"That right there was a huge turning point for the Pin in my mind," Heidenreich says. She witnessed all this from the sidelines, and says she never would have booked the Casualties had she been in charge of things. Chavez declined the opportunity to comment for this article.

Now that Heidenreich's in the ownership position, she's looking to change some of the stigma.

"A lot of people who were refusing to come in here are back now," Heidenreich says. "I've been here enough and I know who doesn't come in anymore. I've reached out to them and comped tickets. The people that don't want to give it a chance, there's not a whole lot I can do about that."

Growing up in the small town of Ritzville, Heidenreich didn't have much live music at her disposal. A self-taught musician, she toured around the region as a singer-songwriter and as a utility player in bands, eventually starting her booking company at 17 and studying audio engineering in Portland after high school.

"My family's super supportive," Heidenreich says. "Until I could drive, my parents had to drive me all over the place. I was doing all the booking myself, which was scary for them, because they're like, 'What do you mean you booked a show in Boise and we have to drive you there?'"

Chelsey Heidenreich - YOUNG KWAK
  • Young Kwak
  • Chelsey Heidenreich

Some of Heidenreich's first bookings were in the space she now oversees, back when it was known as Club 412. Charlie Greer was managing the venue at the time, and Heidenreich was one of several independent bookers to whom Greer would rent the space, allowing them to keep the proceeds from charges at the door.

"She was definitely the youngest one out there trying it," Greer says. "She has a good feel for it. That's a gut instinct thing. I've learned it because I've been doing it for 30-plus years, but she just had it."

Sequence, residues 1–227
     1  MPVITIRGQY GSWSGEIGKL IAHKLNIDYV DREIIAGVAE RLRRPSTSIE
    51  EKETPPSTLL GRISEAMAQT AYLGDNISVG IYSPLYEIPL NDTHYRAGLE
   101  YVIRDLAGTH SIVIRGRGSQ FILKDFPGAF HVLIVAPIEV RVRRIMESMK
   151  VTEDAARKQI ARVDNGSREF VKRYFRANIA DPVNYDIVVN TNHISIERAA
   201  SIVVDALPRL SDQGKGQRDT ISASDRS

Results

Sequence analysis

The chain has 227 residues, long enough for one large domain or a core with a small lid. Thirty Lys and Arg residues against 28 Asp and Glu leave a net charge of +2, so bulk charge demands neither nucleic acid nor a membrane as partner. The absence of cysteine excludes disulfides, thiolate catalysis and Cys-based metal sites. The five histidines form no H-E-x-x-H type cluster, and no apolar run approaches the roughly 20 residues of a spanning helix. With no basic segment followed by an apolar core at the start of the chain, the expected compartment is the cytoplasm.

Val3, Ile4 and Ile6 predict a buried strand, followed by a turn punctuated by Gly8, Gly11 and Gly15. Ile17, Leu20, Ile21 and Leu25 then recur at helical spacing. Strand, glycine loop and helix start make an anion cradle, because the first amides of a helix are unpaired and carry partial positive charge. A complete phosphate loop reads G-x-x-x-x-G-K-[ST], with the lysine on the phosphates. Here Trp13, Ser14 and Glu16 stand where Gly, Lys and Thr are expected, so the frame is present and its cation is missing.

"I was lucky if I got 30 people to shows," Heidenreich recalls, "but that's how you learn."

Greer, who is now production manager of the faith-based LMG Concerts, says Heidenreich is an ideal match for her new position.

"She's really approachable and nice, which you have to be to make it in this industry," he says. "But she's also somewhat aggressive. She will go for what she wants. If she thinks she can do it and she wants it, she'll go for it. And you kind of have to have that attitude."

"Charlie could have been a complete dick, but he let me keep going," Heidenreich says. "I got a ton of experience doing it that way."

The cosmetic and structural updates to the Pin include a new barricade that separates the under-21 and alcohol-only segments of the room. The bathrooms have been deep-cleaned, most of the walls have a fresh coat of paint (which is gradually being done in between shows) and they're in the process of updating the sound system.

But Heidenreich says her ultimate goal is to make the Pin what an all-ages venue should be: a safe space for everybody.

"My main thing is making sure that every single show is a good decision on the venue's part," Heidenreich says. "If people are treated good, they're going to come back. If people feel safe, they're going to come back. If the shows are good, they're going to come back." ♦

The Pin • 412 W. Sprague • thepinspokane.com • 385-1449

The original print version of this article was headlined "A Different Tune"